About a month ago, David and I did something we’ve never done before. We took the day off and went to a cattle sale – and we actually bought something! We’ve been to a handful of sales, but we’d never actually purchased cattle at auction. This sale was a dispersal, a farm family selling their whole herd. Unlike the Kuckelmans (whose entire herd we purchased four years ago), this farm was selling each animal individually to a variety of buyers. Heartland Jerseys was one of the top Jersey herds in the country, and they were located less than two hours north of us. We had never milked any breed other than Holsteins, but we had talked casually for some time about buying some good Jersey cows to see how we liked them, and how they measured up. When this sale was announced, we knew we needed to at least explore the opportunity.
The majority of dairy cattle in this country are Holsteins – you know, the black and white cows you see in advertising. In very general terms, Holsteins produce the most milk of all the dairy breeds, but they are also generally larger cattle who require more feed. Jerseys are smaller, brown cattle. They typically give less lbs of milk, but their milk is also higher in fat and protein, and they theoretically need less feed. With component pricing (we actually get paid based on what the milk contains, not just the quantity) and higher feed costs than previous generations, Jerseys are quickly gaining popularity. This is all in very general terms, and there are certainly exceptions to all of it, but these are all factors we have to consider when purchasing or breeding cows.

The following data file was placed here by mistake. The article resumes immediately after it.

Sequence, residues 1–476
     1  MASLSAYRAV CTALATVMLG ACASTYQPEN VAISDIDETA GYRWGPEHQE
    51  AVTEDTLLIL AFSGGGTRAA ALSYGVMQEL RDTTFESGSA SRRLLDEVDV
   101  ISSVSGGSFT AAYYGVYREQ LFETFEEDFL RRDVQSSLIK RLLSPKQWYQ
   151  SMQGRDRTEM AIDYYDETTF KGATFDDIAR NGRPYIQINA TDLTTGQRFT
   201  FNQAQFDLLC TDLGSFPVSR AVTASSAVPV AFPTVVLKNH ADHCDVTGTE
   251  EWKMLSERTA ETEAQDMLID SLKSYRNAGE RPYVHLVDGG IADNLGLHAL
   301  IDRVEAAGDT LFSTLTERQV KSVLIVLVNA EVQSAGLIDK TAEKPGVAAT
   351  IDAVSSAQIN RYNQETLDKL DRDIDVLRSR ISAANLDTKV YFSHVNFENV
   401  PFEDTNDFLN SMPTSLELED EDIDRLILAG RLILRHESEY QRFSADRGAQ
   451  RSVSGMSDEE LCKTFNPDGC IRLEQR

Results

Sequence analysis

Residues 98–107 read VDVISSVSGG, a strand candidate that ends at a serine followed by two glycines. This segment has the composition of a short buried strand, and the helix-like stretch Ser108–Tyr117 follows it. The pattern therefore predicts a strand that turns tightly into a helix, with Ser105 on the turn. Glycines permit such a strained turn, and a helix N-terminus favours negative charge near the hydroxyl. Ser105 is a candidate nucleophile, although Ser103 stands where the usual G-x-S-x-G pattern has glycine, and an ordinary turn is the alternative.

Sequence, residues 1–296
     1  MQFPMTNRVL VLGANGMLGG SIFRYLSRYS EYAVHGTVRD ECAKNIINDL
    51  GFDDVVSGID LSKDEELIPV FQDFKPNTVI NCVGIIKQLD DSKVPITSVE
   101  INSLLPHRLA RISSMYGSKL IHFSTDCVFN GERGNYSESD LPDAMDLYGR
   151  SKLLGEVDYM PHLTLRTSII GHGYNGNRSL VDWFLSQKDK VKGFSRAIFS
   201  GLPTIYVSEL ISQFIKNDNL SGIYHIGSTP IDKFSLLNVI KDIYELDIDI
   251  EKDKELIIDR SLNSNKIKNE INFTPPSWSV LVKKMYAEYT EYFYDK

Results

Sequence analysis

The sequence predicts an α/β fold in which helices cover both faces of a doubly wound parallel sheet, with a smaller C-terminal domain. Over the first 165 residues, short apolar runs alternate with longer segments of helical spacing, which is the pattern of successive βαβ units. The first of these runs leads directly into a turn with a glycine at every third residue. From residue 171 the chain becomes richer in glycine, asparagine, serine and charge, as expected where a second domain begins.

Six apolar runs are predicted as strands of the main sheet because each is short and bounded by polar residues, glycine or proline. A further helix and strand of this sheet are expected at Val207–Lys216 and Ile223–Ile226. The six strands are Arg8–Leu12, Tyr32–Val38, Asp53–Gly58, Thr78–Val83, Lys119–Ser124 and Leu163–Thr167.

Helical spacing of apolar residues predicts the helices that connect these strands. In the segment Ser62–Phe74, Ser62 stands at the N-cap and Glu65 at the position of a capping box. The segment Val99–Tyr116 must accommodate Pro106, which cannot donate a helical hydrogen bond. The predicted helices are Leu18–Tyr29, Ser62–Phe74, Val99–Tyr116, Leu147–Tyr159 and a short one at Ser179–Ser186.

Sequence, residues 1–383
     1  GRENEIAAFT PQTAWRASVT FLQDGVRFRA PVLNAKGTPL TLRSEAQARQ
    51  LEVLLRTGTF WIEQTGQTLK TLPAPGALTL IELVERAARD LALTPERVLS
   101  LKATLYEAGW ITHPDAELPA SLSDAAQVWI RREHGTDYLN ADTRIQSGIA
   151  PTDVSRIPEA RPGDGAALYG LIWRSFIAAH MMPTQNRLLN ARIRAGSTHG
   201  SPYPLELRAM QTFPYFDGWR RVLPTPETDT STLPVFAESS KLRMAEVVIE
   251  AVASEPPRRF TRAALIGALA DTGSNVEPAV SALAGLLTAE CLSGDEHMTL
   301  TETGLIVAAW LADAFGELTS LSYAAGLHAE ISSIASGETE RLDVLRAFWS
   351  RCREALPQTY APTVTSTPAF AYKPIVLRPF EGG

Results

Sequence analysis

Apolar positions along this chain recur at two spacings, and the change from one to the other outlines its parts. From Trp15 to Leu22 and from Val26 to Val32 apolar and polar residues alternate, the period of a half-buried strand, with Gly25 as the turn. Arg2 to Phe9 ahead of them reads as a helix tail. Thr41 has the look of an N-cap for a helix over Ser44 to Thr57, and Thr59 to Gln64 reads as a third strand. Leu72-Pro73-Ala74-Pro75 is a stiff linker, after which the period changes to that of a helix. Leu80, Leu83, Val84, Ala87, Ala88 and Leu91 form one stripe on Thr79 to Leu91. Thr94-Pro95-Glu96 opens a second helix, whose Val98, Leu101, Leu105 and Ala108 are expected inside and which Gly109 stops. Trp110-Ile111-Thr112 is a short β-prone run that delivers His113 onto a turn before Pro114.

Of roughly 700 animals who sold, we selected a list of about 30 to watch and consider purchasing. We bid on a variety of animals, but in the end welcomed home a Jersey cow, a Jersey bred heifer and a Holstein heifer – a little bit of everything they had to offer.
The Holstein heifer has blended right in, but the Jerseys are different, in a very entertaining sort of way. They spend a little time alone, presumably because they know they’re different, but when they’re not alone, they’re constantly playing. Actually, when they are alone they are constantly playing. They will stand and play with their tongues or shake their tails for minutes if not hours. They’re mild tempered and easy to handle, and they’re plenty aggressive at the feed bunk. Time will tell how they fare in our herd, but personally at least, they’re very easy animals to like.